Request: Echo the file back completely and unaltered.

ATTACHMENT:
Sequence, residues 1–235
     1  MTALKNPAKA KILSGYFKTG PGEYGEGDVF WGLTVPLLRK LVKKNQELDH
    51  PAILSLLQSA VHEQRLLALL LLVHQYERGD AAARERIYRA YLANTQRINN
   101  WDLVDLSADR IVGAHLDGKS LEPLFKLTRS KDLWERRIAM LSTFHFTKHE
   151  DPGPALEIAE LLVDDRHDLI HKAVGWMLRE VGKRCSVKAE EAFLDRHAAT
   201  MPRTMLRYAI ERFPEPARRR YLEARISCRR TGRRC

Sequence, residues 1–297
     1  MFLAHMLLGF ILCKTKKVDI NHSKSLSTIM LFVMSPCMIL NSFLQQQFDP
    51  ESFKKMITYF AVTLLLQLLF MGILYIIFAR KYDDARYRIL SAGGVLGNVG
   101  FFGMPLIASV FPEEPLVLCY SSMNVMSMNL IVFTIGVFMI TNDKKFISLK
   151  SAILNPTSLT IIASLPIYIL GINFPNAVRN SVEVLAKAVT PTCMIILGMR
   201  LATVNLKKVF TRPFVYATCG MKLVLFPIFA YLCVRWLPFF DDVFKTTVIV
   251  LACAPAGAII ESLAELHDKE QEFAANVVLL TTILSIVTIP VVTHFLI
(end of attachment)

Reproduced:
Sequence, residues 1–235
     1  MTALKNPAKA KILSGYFKTG PGEYGEGDVF WGLTVPLLRK LVKKNQELDH
    51  PAILSLLQSA VHEQRLLALL LLVHQYERGD AAARERIYRA YLANTQRINN
   101  WDLVDLSADR IVGAHLDGKS LEPLFKLTRS KDLWERRIAM LSTFHFTKHE
   151  DPGPALEIAE LLVDDRHDLI HKAVGWMLRE VGKRCSVKAE EAFLDRHAAT
   201  MPRTMLRYAI ERFPEPARRR YLEARISCRR TGRRC

Sequence, residues 1–297
     1  MFLAHMLLGF ILCKTKKVDI NHSKSLSTIM LFVMSPCMIL NSFLQQQFDP
    51  ESFKKMITYF AVTLLLQLLF MGILYIIFAR KYDDARYRIL SAGGVLGNVG
   101  FFGMPLIASV FPEEPLVLCY SSMNVMSMNL IVFTIGVFMI TNDKKFISLK
   151  SAILNPTSLT IIASLPIYIL GINFPNAVRN SVEVLAKAVT PTCMIILGMR
   201  LATVNLKKVF TRPFVYATCG MKLVLFPIFA YLCVRWLPFF DDVFKTTVIV
   251  LACAPAGAII ESLAELHDKE QEFAANVVLL TTILSIVTIP VVTHFLI